“The god-damn son of a bitch is dead”. So says one of John A. Macdonald’s henchmen on checking his watch to see that the scheduled time of Louis Riel’s execution has passed; at least in Harry Somers’ 1969 operatic version of the story. Louis Riel, on the face of it is a historic narrative about the leader of the 1869 and 1885 Métis opposition to the expansion of the Dominion of Canada. But it’s deeper than that. It’s a complex work dealing with fundamental questions of identity and belonging and of the relation between people and state. Written during a weird combination of the orgy of cultural nationalism that greeted the centenary of Confederation and Canada’s most turbulent political violence it transcends the Canadianness of its story and clear parallels could be found in many countries, including Canada, today. This is really about “culture wars” in all their complexity and horror.
It’s also a complex work musically and linguistically. The libretto mixes French and English with bits of Cree and Latin for good measure. A full libretto is included with the DVD but no subtitles so this could be a bit of a trial for those lacking one of the official languages. Of course, 1969 was pre surtitle, even at the COC, so that’s how the original audience saw/heard it. The music is a rich mix of atonal and electronic elements with more lyrical writing and some folk songs dropped in. Different musical styles ranging from speech to full on lyricism are used to differentiate Easterners from Westerners and to convey intent and deceit. It’s an interesting and engaging score.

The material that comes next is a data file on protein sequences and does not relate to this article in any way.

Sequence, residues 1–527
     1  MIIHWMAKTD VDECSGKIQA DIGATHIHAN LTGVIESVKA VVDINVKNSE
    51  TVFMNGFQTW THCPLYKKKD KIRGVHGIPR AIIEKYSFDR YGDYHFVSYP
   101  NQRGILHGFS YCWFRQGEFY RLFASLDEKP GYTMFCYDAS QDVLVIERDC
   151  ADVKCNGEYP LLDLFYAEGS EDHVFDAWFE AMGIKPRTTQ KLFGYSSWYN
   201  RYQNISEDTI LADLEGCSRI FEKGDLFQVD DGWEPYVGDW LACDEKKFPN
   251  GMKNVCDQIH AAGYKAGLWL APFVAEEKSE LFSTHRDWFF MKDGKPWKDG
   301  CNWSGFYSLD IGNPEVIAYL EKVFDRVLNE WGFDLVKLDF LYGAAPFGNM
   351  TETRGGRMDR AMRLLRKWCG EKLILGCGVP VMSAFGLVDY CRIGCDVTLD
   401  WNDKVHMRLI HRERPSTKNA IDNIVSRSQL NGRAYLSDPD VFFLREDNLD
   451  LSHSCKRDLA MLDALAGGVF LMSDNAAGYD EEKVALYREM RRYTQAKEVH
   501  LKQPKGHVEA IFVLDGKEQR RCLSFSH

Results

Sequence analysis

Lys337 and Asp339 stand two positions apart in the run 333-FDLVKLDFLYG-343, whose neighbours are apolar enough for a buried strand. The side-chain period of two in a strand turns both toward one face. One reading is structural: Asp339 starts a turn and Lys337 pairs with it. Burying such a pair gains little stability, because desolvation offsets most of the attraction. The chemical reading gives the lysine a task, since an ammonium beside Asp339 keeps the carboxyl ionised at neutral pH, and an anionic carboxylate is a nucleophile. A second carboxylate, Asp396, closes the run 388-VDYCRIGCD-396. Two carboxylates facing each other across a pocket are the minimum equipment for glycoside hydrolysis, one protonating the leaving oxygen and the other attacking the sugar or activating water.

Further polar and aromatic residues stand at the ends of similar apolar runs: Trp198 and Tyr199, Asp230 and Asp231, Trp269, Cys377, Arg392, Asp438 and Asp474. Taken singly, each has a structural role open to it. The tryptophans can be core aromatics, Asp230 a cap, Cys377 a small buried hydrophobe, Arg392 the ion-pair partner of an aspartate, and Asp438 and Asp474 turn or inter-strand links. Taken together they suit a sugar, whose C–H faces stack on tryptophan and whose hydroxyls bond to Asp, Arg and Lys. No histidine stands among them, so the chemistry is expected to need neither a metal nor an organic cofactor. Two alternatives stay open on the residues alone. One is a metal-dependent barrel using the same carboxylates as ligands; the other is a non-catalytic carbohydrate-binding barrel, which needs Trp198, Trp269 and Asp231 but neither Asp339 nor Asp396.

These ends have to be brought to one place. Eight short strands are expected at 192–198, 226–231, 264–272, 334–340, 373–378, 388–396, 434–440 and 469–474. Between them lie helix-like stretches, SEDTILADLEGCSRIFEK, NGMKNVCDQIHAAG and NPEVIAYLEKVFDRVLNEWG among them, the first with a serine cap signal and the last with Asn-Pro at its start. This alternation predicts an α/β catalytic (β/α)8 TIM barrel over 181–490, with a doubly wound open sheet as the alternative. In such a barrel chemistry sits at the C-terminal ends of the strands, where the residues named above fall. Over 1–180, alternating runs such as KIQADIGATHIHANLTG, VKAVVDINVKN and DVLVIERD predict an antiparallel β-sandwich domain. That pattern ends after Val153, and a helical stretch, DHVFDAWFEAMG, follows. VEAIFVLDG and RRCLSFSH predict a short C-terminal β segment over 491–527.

It’s not clear from the documentation exactly how, or by who, this was filmed but it looks like it was shot on stage but not during a live performance. The designs are definitely theatrical (and, though essentially naturalistic, far less conservative than most of what would be seen at COC during the Mansouri era) but the whole thing has a “made for television” look. Certainly it’s a 4:3 picture though it is actually pretty decent quality, as is the Dolby stereo sound. All in all, the Canadian Music Centre has done an excellent job in turning a 45 year old TV broadcast into a perfectly acceptable DVD. It’s certainly technically vastly superior to other DVDs of CBC recordings of COC productions.
There are some very engaging performances especially from Bernard Turgeon in the title role. He does a great job of showing Riel’s transition from reluctant rebel to full on religious nutcase. Donald Rutherford is also very good as the terminally devious Macdonald and there’s good work too from Joseph Rouleau as the conflicted Bishop Tasché. Victor Feldbrill conducts and is a first rate advocate for the score.
The disk also contains interviews with Harry Somers and librettist Mayor Moore as well as a synopsis by Moore. The booklet, besides the libretto, contains decent essay material on the music and the drama.
It’s really good to see one of Canada’s relatively few grand operas represented in this way. This is a very decent piece of music theatre with a universality that deserves to be seen way beyond Canada.